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Digital Digest: Digital Skills Library

May 10, 2022

The DRAW Team

The contributors of this blog include Rachel McDonnell, director, and Shakari Fraser, senior program manager. Our partnership with World Education and Safal Partners makes this series possible.

As technology rapidly evolves, there’s a corresponding need for adults to develop digital literacy and digital resilience. In response, workforce experts, adult educators, and employers across the nation have been working together with adult learner-workers to address that burgeoning need. Among them is the Digital Resilience in the American Workforce (DRAW) project, an initiative from Jobs for the Future (JFF), World Education, and Safal Partners that is funded by the U.S. Department of Education’s Office of Career, Technical, and Adult Education under contract GS10F0094X.

DRAW recently conducted a national landscape scan on digital literacy in which stakeholders identified trends and gaps in instructional content and curricula, along with frameworks focused on digital skills and competencies. To make the resources we discovered more useful to instructors, the DRAW team used a co-creation model called the EdTech Maker Space to find and curate instructional content. The EdTech Center at World Education had previously engaged practitioners in curating digital skills instructional resources in alignment with the Seattle Digital Equity Initiative’s digital skills framework to create its free, openly available Digital Skills Library. From January to March 2022, DRAW used the EdTech Maker Space’s service-learning model to build on that earlier work by diving deeper into the library’s existing content and adding resources to fill in gaps.

The result: About 2,000 free activities for learning digital skills from roughly 20 different sources, organized into 10 domains, are now available at!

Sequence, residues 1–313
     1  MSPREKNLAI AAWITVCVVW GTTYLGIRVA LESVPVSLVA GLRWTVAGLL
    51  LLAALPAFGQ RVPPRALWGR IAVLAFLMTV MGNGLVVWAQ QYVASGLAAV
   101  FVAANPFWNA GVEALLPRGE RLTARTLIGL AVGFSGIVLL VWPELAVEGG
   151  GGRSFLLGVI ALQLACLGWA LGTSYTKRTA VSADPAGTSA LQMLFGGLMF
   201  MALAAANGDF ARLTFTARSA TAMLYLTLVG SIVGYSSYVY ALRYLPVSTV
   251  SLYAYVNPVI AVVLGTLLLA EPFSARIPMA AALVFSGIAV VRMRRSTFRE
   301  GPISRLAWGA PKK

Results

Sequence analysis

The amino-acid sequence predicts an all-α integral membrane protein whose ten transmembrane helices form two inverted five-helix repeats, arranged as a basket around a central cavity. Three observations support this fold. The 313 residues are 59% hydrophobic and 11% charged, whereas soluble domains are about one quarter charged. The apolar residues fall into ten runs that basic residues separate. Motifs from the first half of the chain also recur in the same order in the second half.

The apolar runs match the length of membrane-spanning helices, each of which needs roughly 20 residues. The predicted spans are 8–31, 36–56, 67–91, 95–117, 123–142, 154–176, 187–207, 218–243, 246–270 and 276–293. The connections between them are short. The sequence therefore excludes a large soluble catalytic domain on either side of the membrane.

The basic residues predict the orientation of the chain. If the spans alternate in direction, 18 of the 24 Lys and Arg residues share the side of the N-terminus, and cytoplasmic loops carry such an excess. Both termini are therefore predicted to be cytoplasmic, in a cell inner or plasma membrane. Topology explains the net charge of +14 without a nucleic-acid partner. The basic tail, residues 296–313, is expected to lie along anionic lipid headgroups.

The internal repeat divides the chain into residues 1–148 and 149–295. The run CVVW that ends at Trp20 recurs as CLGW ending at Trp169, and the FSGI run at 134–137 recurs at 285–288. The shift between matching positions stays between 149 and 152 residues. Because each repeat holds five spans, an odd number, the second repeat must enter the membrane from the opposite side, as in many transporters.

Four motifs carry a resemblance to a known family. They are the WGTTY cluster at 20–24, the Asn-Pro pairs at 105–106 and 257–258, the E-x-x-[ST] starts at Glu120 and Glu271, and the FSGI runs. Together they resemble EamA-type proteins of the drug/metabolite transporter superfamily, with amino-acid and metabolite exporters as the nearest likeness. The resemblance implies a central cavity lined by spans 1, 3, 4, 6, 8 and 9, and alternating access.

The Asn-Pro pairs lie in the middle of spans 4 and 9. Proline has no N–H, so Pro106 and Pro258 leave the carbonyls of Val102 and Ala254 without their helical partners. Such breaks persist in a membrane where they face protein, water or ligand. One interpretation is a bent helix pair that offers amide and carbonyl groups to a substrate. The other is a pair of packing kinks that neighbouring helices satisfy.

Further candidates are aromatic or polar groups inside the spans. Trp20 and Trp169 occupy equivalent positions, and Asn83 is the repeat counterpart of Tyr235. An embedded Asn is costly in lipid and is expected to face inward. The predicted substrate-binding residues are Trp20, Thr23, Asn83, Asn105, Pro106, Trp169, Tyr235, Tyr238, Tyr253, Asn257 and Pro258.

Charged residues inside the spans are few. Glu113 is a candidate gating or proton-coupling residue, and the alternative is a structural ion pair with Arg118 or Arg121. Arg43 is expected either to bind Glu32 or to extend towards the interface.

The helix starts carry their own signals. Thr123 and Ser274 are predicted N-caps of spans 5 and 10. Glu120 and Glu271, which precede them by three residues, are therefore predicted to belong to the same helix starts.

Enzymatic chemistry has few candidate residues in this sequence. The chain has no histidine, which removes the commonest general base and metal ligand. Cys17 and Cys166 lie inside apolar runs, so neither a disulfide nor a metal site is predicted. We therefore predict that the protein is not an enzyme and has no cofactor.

Introducing was created by committed practitioners from community colleges, adult education and literacy organizations, and workforce development agencies across the United States and beyond who share the vision of supporting a digitally resilient workforce. This resource addresses two major needs identified through the DRAW landscape scan: better awareness and access to instructional content, and better quality and variety for diverse learners.

Awareness and Access

As is the case in many education sectors, the fundamental needs uncovered in the DRAW landscape scan were greater awareness of where content is located and, perhaps more pressing, how to easily access content for teaching specific skills. Instructional content needs to be streamlined so that staff members in various roles and contexts can see what’s available and find what’s relevant.

The Digital Skills Library was built to enable stakeholders in any role, from learners to state leaders, to find what they need to learn or teach digital skills. The flexible search options provide multiple points of entry to locate materials. For example, teachers and administrators can search according to the Seattle Digital Equity Initiative’s digital skills framework to align their lesson objectives or a specific curriculum sequence. Those less familiar with the framework might prefer the open search feature, which allows users to search based on keywords and offers filtering options to narrow results according to their format, source, and language.

In the landscape scan, many practitioners and experts emphasized that it is important to provide openly licensed and affordable content that can be accessed and adapted for all. To address this, the license type is specified for each resource so users can quickly understand how they are allowed to use the content they find in the Digital Skills Library.

Quality and Variety for Diverse Learners